I want investing knowledge to be accessible to the common person and not only to those who have the financial resources. Since my own daughter has special needs, I am working on setting up a trust for her to create passive income for her to live on her own.

There are so many families who care for loved ones and need resources.

I think that in my own generation, we will need solutions on how to care well for our aging parents, how to pay for our children’s college tuition, how to have time and money for a good quality of life now, and eventually how to retire ourselves.

If I can use my knowledge of real estate to solve these problems, with my team, for myself and others, there is a great sense of purpose there.

What is one big lesson that you’ve learned in real estate?

One big lesson I’ve learned in real estate is that knowledge is power. I specialize in investment real estate and own my own rentals.

Our Atlas team manages over 2,900 homes, and everyone on our team owns their own rentals. That makes me and my team different. I know how to buy the asset right for my client, and my team manages it well, and it is a turnkey process.

The key to success in real estate is to buy right and hold. Flipping is sexy and high risk. Apartments are sexy and need a large down payment and more experience.

Anyone can get into real estate investing by first purchasing the right home. That is what I did — I lived in a home, rented it out, lived in a home, rented it out, repeat. My family gave me a hard time at first, and now they have their own rentals!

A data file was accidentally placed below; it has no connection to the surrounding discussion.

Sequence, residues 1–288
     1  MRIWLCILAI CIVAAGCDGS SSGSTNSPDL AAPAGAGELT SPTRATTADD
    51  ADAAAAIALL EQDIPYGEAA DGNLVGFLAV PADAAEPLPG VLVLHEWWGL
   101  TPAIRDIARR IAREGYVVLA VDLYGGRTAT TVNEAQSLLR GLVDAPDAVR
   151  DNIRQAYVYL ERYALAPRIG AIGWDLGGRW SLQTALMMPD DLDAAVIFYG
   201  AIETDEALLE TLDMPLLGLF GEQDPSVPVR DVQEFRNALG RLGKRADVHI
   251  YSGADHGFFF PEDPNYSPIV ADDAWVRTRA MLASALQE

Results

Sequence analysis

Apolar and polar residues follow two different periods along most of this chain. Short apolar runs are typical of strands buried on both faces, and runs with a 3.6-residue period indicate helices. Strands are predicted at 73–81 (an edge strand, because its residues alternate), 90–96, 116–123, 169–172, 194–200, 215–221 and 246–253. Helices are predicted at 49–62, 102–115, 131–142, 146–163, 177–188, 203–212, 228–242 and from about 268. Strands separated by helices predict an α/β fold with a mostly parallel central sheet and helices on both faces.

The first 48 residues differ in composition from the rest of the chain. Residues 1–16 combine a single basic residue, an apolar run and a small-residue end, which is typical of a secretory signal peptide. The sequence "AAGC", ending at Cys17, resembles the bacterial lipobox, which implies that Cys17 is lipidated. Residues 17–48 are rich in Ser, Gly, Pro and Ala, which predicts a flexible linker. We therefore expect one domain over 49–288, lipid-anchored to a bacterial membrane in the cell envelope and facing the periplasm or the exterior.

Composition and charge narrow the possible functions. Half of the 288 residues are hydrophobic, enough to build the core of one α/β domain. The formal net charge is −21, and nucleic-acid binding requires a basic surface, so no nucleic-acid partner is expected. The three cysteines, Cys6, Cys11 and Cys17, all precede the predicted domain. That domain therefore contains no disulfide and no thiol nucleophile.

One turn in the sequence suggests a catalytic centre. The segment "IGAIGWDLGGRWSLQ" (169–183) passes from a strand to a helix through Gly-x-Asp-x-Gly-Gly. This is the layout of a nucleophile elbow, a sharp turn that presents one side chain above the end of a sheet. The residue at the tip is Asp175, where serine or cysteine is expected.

How did you learn it?

I learned how to make money with buy-and-hold rentals by having rentals. I bought my first house, and it went down in value. That is the only reason why I kept it as a rental. I didn’t lose my money because I didn’t cash out. I held it, and the rent covered the bills.

You don’t have to time the market perfectly if you buy and hold. Someone asked me why I didn’t start investing in apartments.

The reason is because I was in survival mode and didn’t have much money. I wasn’t thinking of investing, I was thinking of how to take care of my kids and not go under. I bought my Denver house with $4,000.

There are loans for owner occupants that require little money down. My real estate provides the stability I need for my family that I was originally looking for from a husband.

Real estate investing is a good provider. If a full-time, single mom can do it, with little resources, why can’t you?  You can!

There is a system, and you just have to get around someone who has mastered it to teach you. It’s that simple. I got the first rental home on accident, got around the right team and bought the next investments with a plan and purpose.

What advice would you give to new agents?

Go all in for what you want. If you don’t go all in, what is the point? I’ve been hurt, and I get back up. It can be hard, but what is the alternative? To be hurt and allow that hurt to keep hurting you and keep you from opportunities?

For a new agent, I would say find a team you believe in, get a niche, and go out and help people. Really put in the work. You will be different if you actually do what you say. My team is successful because we solve problems. Our clients have better lives because they know us.

One client lost his business and didn’t go under because of his rental income. Another client was able to have his wife stay home with their baby because they had passive income from their duplex.

It is fulfilling, and it keeps me going. My life didn’t turn out the way I wanted, and it is beautiful. If it turned out how I wanted, I wouldn’t be doing what I am doing now.

Christy Murdock Edgar is a Realtor, freelance writer, coach and consultant with Writing Real Estate. She is also a Florida Realtors faculty member. Follow Writing Real Estate on  FacebookTwitterInstagram  and YouTube.